• Saturated fat is found in animal products such as whole milk, cream, butter, high-fat cheeses, and high-fat cuts of meat. It can also be found in non-animal foods made with animal fat or highly-saturated vegetable fats. These foods include chocolate and common baked goods such as cakes and cookies. Vegetable oils high in saturated fat include palm oil, palm kernel oil, and coconut oil. It is important to limit this type of fat in your diet. Diets high in saturated fat have been linked to heart disease and other chronic diseases. To maintain a healthy diet, saturated fat should be limited to less than 10% of your daily intake (National Heart, Lung, and Blood Institute, 2012).

  • Foods high in added sugars also should be limited. Some foods, such as milk and fruits, naturally contain sugars. Added sugars are sugars and syrups added to prepared foods and drinks. Examples of added sugars are corn syrup and high-fructose corn syrup used in sweetened beverages and breakfast cereals. Added sugars should be limited because they provide empty calories. This means that they provide calories but few or no vitamins and minerals. Limiting the amount of added sugars in your diet is a good way to get the nutrients your body needs without eating too many calories. If you eat too many added sugars you may gain weight, and increased weight can lead to many health problems (National Heart, Lung, and Blood Institute, 2012).

Control Your Portion Sizes

Why Is It Important to Control Your Portions?

Adjusting the size of portions you eat to what your body needs is one of the keys to good health. It helps you maintain a healthy weight and lowers your risk for chronic diseases such as high blood pressure and diabetes.

What Is a Healthy Portion Size for Me?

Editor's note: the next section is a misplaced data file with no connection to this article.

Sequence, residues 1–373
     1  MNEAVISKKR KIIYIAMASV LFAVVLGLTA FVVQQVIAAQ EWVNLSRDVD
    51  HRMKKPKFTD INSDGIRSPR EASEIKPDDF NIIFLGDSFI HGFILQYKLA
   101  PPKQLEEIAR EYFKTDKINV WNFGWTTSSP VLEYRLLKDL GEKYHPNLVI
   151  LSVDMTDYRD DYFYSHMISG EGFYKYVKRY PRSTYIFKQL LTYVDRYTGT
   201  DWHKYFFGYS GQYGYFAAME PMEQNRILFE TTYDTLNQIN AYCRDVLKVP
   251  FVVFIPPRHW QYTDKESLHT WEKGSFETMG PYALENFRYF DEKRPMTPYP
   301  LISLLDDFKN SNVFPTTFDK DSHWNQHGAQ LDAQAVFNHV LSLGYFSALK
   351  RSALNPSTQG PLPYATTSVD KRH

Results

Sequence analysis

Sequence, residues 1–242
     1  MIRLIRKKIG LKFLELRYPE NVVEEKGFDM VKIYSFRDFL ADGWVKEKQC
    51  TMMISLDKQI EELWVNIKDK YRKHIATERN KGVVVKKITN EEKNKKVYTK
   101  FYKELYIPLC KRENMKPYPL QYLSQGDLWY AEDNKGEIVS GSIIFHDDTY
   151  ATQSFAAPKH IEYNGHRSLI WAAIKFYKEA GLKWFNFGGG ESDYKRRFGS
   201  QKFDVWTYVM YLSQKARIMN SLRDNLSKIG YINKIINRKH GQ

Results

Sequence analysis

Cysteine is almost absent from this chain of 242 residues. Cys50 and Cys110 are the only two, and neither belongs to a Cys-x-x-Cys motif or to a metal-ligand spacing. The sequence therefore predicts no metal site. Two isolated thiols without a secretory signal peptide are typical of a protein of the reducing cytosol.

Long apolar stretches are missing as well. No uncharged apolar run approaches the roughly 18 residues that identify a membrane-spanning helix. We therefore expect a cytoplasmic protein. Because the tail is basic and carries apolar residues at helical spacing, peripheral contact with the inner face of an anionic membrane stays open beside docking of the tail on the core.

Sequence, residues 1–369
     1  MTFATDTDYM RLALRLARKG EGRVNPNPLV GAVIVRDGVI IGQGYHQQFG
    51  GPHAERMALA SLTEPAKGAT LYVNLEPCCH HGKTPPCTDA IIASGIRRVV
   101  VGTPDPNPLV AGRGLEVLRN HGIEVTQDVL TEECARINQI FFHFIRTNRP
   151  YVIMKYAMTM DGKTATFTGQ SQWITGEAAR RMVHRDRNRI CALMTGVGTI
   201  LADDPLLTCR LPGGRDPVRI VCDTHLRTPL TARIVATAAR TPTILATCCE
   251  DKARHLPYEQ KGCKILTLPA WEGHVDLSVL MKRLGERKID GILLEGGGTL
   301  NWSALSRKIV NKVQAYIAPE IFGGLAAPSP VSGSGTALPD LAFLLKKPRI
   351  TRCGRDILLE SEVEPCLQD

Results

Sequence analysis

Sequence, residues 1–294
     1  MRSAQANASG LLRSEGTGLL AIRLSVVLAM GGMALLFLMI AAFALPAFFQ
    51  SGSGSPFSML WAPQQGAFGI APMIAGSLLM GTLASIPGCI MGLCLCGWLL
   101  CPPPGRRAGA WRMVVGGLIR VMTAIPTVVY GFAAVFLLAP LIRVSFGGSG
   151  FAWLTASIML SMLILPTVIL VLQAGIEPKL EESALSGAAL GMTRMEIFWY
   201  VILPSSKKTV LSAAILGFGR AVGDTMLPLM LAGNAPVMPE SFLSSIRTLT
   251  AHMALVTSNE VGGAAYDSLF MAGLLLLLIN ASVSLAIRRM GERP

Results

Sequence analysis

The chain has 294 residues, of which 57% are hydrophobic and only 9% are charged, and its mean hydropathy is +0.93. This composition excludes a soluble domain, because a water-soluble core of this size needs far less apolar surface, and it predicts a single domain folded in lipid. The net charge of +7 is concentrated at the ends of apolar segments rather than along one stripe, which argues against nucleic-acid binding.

Everybody requires different portion sizes based on your age, sex, activity level, and health status. To learn more about the portion sizes best for you, use MyPlate’s SuperTracker tool, found at This tool also provides tips and support for making better food choices.

How Can I Control My Portions and Make Healthy Choices?

Use Smaller Plates

Using a smaller plate helps you limit the amount of food you serve yourself. Also, using a smaller plate is a good way to eat the foods you like without consuming more food than you need.

Be Mindful of What You Are Eating and Enjoy Your Food

Enjoying the taste, texture, and aroma of your meals is a good way to help you slow down and eat less. Paying attention to the amount of food you put on your plate and being mindful of how full you feel helps you avoid eating more food than you need.

Figure 3. 

Enjoying the food you are eating is a good way to help you slow down and eat less. If you full feel, stop eating and save your leftovers for later.


Wavebreak Media

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Indulge on Special Occasions

Limiting your intake of foods high in sugar, salt, and saturated fat, such as sugary desserts, salty snacks, high-fat meats, and butter is a smart move for your health. However, enjoying them every once in a while may be just the thing you need to stay motivated to follow a healthy eating plan.

Explore Healthy Ways to Satisfy Your Sweet Tooth

Eating fruit is a great way to satisfy your sweet tooth in a healthy, delicious way! There are many ways to use fruit as a sweet treat. You can eat fruit fresh, make it into smoothies, bake it with cinnamon (try apples or pears!), or make it into parfaits. Next time you get a craving for something sweet, make a healthy fruit recipe.

Figure 4. 

Fruit smoothies can satisfy your sweet tooth and help you get more fruits and low-fat milk or yogurt into your diet.



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Drink Smarter